Operating system Kernels

Anyone who uses a device that is controlled by an operating system is working with a kernel, though often without realizing it. The kernel is the core component that manages the operations of the computer and its hardware. It serves as the interface between software and hardware. Whenever a system starts, the Kernel is the first program that is loaded after the bootloader because the Kernel has to handle the rest of the things of the system for the Operating System. The Kernel remains in the memory until the Operating System is shut down. Operating system Kernels act as a bridge between applications and data processing performed at the hardware level using inter-process communication and system calls. When a process makes a request to the Kernel, then it is called System Call.

Functions of a Kernel

Following are the functions of a Kernel:

  • The Kernal allows access to computer resources. A Kernel can access various computer resources like the CPU, I/O devices and other resources. It acts as a bridge between the application and the resources of the system.
  • The Kernal is responsible for managing the resources in the system. It can allow resources to be shared amongst processes as requested.
  • The kernel is responsible for managing the system memory. Every process needs some memory space so the kernel can be allocated and deallocate the requested amount for its execution.
  • The kernel manages all of the devices connected to the systems and all allocation of these devices to certain processes are handled by the kernel.

Type of Operating system Kernel

According to design and functionality, we have many kinds of kernels.

Monolithic Kernels: In a monolithic kernel, all operating system services run along the main kernel thread, which also resides in the same memory space. By doing this, it allows for faster execution of the process but the disadvantage is that the size of the Kernel is increased.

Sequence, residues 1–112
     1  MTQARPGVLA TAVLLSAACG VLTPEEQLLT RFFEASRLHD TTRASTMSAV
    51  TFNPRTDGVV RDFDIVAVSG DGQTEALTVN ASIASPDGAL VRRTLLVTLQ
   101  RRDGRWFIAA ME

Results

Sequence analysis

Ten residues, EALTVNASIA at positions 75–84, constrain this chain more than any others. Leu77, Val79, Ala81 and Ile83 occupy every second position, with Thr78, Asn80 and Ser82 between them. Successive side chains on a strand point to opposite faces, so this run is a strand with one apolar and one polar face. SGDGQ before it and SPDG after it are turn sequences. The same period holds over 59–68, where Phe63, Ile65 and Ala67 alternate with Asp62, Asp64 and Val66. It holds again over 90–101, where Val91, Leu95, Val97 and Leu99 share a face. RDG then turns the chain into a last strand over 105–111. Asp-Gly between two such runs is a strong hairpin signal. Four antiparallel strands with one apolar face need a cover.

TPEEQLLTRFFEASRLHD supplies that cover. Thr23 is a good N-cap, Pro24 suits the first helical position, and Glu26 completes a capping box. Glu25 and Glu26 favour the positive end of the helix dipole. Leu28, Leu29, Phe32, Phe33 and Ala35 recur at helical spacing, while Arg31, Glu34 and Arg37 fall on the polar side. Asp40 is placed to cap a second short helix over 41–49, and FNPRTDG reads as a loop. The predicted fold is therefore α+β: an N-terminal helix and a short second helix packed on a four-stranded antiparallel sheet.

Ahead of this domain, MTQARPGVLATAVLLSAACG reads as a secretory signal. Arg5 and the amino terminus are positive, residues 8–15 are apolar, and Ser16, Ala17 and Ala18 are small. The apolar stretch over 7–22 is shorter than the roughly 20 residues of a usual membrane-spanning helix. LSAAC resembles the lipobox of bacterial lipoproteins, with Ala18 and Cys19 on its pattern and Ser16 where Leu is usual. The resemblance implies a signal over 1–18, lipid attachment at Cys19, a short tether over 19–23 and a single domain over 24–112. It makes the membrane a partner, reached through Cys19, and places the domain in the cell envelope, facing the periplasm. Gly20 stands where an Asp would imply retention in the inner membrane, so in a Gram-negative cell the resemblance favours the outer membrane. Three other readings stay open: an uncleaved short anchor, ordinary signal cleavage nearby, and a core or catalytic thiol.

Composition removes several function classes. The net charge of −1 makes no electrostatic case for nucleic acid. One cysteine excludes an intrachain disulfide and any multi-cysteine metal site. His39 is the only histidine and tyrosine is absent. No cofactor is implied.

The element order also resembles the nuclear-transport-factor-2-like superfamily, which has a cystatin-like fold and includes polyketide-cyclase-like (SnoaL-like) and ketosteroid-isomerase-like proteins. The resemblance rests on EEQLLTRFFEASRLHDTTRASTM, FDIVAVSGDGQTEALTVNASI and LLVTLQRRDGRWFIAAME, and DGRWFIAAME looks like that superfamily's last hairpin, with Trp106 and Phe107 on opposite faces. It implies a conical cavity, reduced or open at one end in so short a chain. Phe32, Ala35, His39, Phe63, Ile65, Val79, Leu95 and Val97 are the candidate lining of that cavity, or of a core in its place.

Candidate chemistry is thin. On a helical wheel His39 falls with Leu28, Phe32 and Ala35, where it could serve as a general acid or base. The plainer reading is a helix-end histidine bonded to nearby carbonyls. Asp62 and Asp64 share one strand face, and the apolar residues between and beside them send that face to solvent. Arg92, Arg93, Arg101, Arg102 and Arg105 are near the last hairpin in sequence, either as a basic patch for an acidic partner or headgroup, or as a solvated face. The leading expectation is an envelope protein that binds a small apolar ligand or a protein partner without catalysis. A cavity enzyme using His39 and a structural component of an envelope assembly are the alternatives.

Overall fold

Microkernels: Microkernel used both kernel and userspace to run all the system processes. As we are using User Space and Kernel Space separately, so it reduces the size of the Kernel and this, in turn, reduces the size of the Operating System. Since we are using User Space and Kernel Space separately, so the communication between these can reduce the overall execution time.

Hybrid Kernels: A hybrid kernel is an extended version of the micro-kernel with the addition of some functionality of the Monolithic kernel built-in. A hybrid kernel is divided into services the same as a micro-kernel, and they are all executed in the same kernel space as the Monolithic kernel. It makes use of the speed of Monolithic Kernel and the modularity of Microkernel.

Nano Kernels: In a Nanokrnel, as the name suggests, the whole code of the kernel is very small i.e. the code executing in the privileged mode of the hardware is very small. The term nanokernel is used to describe a kernel that supports a nanosecond clock resolution.

Exo Kernels: In this type of kernel, the resource protection is separated from the management and this, in turn, results in allowing us to perform application-specific customization. Allocate physical hardware resources such as processor time and disk block to other programs, which can link to library operating systems that use the kernel to simulate operating system abstractions.

Difference between Operating System and Kernel

A kernel is an essential part of an operating system. It’s an always-running program that controls everything and manages hardware resources and program execution. An operating system consists of a kernel and some additional software that allows for user interaction. This might include a graphical user interface, shell, web browsers, and so on.

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